Okay, I have been anxious to share this post with you guys and I have been honored to have it written for me! Dr. Cassondra Majestic is an Emergency Medicine physician and Independent Educator based in Orange County, California. She is a graduate of the Ohio State University School of Medicine. Dr. Majestic is known on social media for her remarkably fit lifestyle and healthy food choices. I personally reached out to Dr. Majestic to write a post on my blog that I thought would fit perfectly in the Guide to Healthy Living section of my blog. Thank you so much to Dr. Majestic for taking time out of her busy schedule to write this post, hope you guys like it! 🙂
Medical school may set you up for a successful living in the future, but let’s be honest; it doesn’t set you up for healthy living in the “now”. For all you medical students out there, I know you know where I’m coming from. From class to class, hours upon hours of studying, quick and easy dinners, short workouts (if any), and sleepless nights cramming for that next test; medical school can prove to support a very unhealthy lifestyle.
So what can you do about it? A lot! But it takes a conscious decision to make time for YOU, on a regular basis. Sure, becoming a doctor involves a lot of studying and hard work, but being successful in medical school also requires a healthy student!
Step 1: Schedule YOU time. Daily. And don’t deviate! This means setting aside a specific amount of time to do whatever you please, no guilt, and no books (unless it’s for pleasure, of course)!
Step 2: Exercise. In any way, shape, or form. This could mean squats in the trauma bay between patients, taking the stairs to your clinical floor, walking to and from class, or a living room high intensity interval training workout (HIIT) in your apartment living room. When I was in medical school, I utilized the gym regularly for workout classes. If I was really feeling stressed about studying, especially during my boards exam preparation, I would listen to podcasts while on the treadmill. It may not be the most ideal situation, but you CAN make time for exercise, and it will in turn keep your metabolism high and provide energy to your body.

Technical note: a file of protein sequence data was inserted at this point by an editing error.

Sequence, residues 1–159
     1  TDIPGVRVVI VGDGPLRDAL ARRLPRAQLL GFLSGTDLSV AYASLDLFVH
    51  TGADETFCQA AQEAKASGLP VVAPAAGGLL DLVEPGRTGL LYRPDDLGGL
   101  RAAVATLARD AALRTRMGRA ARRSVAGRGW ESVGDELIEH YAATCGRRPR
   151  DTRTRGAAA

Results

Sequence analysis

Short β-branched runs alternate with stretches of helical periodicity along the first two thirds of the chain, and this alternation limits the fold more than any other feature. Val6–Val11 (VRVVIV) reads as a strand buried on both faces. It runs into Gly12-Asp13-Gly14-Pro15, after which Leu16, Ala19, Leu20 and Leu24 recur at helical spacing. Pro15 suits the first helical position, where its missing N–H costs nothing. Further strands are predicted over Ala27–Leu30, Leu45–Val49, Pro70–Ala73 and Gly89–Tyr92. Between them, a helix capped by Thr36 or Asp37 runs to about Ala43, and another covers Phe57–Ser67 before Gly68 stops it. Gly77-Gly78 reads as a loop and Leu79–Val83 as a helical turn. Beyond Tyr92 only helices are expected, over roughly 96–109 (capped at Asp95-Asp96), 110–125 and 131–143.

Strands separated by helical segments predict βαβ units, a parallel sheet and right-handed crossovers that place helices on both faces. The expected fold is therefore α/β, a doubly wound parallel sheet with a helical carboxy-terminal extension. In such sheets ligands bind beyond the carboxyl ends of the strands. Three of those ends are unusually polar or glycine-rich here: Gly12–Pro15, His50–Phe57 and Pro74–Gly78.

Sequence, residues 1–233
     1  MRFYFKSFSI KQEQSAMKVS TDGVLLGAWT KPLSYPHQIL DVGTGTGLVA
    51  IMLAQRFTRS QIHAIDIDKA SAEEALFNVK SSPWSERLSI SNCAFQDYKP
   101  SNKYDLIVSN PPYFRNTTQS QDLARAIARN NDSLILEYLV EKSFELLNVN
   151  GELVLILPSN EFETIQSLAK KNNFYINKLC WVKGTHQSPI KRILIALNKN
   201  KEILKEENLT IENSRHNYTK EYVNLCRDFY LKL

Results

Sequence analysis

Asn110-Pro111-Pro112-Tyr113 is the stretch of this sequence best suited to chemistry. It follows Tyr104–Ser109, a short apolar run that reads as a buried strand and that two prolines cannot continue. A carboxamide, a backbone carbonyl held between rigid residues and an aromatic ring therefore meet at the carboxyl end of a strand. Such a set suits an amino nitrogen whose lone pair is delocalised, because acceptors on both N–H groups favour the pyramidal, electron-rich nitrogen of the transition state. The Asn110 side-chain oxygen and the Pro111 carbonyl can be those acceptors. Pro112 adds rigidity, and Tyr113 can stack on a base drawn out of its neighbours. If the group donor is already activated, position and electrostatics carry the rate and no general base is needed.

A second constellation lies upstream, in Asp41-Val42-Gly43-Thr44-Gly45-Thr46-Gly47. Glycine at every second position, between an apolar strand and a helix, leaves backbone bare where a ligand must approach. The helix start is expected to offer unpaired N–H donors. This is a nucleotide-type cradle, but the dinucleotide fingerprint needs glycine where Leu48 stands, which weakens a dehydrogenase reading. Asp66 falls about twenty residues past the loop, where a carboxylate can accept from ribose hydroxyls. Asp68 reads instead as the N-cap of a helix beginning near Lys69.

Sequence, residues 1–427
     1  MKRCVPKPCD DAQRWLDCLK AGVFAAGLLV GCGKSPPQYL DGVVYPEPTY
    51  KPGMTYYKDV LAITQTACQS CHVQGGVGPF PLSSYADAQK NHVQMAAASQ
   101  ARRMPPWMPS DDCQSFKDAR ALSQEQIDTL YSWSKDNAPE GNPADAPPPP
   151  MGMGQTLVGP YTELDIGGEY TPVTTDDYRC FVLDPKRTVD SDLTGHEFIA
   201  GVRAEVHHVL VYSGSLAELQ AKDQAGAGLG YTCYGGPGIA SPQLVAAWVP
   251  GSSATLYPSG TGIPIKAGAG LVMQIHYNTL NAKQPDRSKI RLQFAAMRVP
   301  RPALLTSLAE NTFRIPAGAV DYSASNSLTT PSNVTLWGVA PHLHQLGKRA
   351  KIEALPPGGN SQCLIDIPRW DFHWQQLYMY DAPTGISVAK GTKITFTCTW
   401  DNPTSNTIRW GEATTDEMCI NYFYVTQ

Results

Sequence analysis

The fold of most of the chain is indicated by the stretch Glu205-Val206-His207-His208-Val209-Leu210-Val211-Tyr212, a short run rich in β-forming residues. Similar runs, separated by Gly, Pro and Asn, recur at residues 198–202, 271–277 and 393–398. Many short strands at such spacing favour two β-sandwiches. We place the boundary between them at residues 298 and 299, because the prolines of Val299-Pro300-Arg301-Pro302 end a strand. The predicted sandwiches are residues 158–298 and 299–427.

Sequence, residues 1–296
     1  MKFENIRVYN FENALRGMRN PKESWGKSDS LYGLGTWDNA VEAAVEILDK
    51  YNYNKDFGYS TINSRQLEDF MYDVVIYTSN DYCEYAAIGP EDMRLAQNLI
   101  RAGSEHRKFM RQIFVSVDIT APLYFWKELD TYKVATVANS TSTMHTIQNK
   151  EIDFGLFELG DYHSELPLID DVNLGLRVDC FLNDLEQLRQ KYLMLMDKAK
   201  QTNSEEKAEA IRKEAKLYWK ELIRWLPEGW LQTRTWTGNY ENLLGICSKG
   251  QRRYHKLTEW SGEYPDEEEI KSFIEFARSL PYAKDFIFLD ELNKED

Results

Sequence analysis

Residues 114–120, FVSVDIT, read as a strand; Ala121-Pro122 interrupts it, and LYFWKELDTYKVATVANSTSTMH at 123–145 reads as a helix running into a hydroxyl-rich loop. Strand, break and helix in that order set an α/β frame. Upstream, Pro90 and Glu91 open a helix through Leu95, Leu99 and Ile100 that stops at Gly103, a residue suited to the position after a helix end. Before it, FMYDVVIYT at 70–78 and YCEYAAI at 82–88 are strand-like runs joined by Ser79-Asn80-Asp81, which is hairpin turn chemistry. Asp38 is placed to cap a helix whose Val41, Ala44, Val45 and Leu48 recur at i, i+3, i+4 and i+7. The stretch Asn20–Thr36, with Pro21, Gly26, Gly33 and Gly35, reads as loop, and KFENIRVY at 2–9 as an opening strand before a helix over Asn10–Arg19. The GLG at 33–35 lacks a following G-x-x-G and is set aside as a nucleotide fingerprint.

Step 3: Feed yourself! GOOD meals and snacks. Remember the college days of ramen noodles? No more, my friends. You are about to be a doctor! And those high sodium meals will not provide high energy for those long clinical shifts. Keep snacks everywhere; I mean everywhere- your car, workbag, gym bag, and white coat pockets. Eating small snacks regularly is better than going hours without eating. This can lead to poor energy, brain function, and even syncope (passing out). No one wants to be the medical student that passes out during rounds! Make time to cook dinner regularly. It won’t happen everyday, but meal prep as much as possible! I started to look at my home-cooked meals as a treat, something I would look forward to regularly. In addition, clinical rotations were even better when I knew I had delicious leftovers in my lunchtime future!
Step 4: Surround yourself with only those who bring you positivity and happiness. Whether this is your family, or friends, keep these people in your life regularly. It is so easy to go weeks or months without communication to family/friends who are not in medicine. Signing up for medical school may mean missing weddings, funerals, birthdays, etc. However, if you keep your supporters close and cut out ALL drama and negativity from your life, you will start to notice that you have MORE time for those that really matter. It is important to prioritize in medical school, since you can’t say, “yes”, to everything. Save your precious time for those that bring you only joy and that contagious positive vibe.
Step 5: Keep your mental health at the forefront of your priorities. Making a life out of studying can lead to serious depression and anxiety. Be aware that medical students and physicians, in particular, are at great risk for these conditions. Evaluate where your mind is, on a regular basis. Do not wait to get help, if you notice persistent feelings that are impeding your success and well being as a student. I highly recommend finding a counselor or therapist to talk with, regularly. Remember YOUR health is the most important. If you don’t care for yourself first, you can’t care for patients!
Now that you have a little insight into how I incorporated health and wellness into my medical school experience, hopefully you will reflect on and evaluate your own health and wellness! Remember your well being IS a priority, and you should be taking daily steps to ensure you live healthy and happy!